Photo: Jim Mattis via CC BY 2.0

Civil-Military Relations

This project seeks to characterize changes in the civil-military dynamic, understand how they may affect major areas of national security and foreign policy, and develop recommended courses of action for civilians and military professionals alike.


Introducing Command Climate

On May 23rd, CSIS's International Security Program is hosting an all-day conference on U.S. civil-military relations. To set the stage, Senior Fellow Alice Friend interviewed a few of the country's top scholars and practitioners.


Erin Simpson: Principals, Agents, and Civil-Military Relations

Dr. Erin Simpson discusses the perennial challenges of command and civilian control, her experiences in Afghanistan, and how much the armed forces should reflect society.


Marybeth Ulrich: Policy, Politics, and the Military Profession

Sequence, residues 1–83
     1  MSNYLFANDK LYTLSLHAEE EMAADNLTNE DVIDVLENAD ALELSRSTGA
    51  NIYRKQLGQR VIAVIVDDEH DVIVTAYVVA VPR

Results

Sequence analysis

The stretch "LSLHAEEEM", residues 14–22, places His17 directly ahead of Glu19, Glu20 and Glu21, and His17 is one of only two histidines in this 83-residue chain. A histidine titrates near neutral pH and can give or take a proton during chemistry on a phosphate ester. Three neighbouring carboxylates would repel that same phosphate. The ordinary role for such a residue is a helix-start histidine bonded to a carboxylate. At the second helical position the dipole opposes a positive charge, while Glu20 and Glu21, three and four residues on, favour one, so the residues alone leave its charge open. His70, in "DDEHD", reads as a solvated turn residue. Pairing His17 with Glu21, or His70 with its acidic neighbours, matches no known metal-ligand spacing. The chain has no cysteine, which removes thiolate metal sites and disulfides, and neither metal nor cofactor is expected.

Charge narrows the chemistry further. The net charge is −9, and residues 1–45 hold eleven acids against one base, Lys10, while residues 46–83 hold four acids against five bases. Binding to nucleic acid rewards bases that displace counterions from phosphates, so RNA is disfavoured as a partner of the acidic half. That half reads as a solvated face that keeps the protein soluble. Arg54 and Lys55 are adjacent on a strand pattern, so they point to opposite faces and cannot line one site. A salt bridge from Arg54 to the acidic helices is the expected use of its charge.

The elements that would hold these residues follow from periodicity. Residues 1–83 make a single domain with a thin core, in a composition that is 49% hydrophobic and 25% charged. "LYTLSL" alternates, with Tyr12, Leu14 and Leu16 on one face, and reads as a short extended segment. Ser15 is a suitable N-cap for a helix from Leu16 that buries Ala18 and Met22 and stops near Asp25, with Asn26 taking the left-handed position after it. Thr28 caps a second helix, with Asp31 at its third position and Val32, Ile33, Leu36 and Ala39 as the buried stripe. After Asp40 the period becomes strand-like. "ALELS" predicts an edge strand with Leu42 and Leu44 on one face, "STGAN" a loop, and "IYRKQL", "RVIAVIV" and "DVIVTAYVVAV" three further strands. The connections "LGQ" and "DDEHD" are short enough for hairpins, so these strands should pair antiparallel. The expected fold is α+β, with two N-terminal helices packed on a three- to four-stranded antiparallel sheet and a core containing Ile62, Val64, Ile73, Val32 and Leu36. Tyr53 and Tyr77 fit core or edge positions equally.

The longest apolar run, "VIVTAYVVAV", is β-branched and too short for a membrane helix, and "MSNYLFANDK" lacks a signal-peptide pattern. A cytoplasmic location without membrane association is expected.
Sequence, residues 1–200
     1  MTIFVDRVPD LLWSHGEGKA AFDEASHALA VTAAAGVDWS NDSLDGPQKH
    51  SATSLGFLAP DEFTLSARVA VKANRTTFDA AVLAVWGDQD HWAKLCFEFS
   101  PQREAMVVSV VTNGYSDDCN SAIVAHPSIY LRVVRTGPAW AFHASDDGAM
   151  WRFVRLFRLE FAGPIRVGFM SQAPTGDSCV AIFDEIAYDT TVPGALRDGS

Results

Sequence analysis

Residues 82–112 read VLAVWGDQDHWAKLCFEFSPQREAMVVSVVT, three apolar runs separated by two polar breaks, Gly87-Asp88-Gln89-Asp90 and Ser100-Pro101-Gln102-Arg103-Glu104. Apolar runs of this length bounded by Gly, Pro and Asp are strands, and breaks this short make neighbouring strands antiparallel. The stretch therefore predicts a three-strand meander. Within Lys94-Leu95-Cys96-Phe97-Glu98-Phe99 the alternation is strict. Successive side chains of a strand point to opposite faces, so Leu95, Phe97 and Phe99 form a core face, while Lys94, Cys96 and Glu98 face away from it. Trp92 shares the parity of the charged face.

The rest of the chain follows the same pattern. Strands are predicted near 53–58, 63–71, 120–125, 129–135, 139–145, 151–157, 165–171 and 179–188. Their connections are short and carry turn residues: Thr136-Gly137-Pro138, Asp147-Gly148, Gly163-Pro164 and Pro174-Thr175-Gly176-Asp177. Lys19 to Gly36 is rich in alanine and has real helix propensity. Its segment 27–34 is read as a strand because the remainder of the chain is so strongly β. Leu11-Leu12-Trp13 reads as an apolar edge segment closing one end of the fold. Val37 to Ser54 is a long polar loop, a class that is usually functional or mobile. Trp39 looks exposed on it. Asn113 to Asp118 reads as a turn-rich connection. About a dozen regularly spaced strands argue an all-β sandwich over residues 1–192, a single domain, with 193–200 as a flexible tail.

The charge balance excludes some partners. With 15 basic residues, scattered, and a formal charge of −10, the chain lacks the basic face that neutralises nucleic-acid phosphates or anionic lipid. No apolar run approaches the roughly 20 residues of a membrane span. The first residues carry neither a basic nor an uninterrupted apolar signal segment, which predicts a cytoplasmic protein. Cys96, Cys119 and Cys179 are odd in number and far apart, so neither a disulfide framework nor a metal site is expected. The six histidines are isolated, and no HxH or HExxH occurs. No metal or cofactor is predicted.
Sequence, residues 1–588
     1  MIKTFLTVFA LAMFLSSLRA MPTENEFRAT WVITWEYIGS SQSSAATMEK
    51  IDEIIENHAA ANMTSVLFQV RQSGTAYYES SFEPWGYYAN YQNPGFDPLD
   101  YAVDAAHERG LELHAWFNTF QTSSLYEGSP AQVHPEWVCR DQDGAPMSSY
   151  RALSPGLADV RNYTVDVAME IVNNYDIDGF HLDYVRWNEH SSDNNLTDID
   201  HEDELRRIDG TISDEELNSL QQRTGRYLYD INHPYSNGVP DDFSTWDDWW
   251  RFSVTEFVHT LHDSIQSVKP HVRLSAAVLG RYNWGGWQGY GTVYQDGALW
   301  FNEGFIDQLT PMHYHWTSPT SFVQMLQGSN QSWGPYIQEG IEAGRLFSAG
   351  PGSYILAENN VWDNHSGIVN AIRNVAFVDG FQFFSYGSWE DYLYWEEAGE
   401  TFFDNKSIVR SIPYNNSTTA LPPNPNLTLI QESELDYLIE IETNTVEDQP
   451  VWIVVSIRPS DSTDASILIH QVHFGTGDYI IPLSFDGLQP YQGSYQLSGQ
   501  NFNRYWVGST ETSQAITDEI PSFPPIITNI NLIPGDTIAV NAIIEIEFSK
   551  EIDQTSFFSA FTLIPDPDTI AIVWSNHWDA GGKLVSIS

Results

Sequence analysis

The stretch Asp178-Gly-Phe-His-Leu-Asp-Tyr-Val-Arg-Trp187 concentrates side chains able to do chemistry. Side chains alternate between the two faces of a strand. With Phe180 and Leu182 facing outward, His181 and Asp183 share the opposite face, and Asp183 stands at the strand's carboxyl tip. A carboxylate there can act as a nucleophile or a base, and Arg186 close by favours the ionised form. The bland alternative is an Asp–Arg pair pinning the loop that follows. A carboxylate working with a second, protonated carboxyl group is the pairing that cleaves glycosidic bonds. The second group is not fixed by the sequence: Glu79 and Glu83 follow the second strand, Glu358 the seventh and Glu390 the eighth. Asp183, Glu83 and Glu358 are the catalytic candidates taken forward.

Dr. Marybeth Ulrich of the U.S. Army War College discusses military advice and standards for military professionalism in policymaking.


The Civil-Military Bargain Is a Result of What We Ask the Military to Do

Dr. MacKubin Thomas Owens surveys the history of American civil-military bargains, and argues that we may be in the midst of a renegotiation. He also discusses how the way we think about using military force affects the civil-military dynamic.


America's Military? The Growing Gap between the Armed Forces and American Society

Dr. Michael Desch argues that we should think more about the social aftermath of the post-9/11 wars. Will military institutions respond to Iraq and Afghanistan by insulating themselves from civilian influence socially and operationally? Will non-veteran citizens learn about and connect meaningfully with their neighbors who served?


Richard Kohn: The Civil-Military Relationship is Situational

Dr. Richard Kohn, military historian and unofficial dean of the community of civil-military relations scholars, talks about the full range of civil-military issues today: the military’s relationship with American society, civilian elites’ responsibility to the armed forces, military politicization, and the risks when civilians cede control of the military.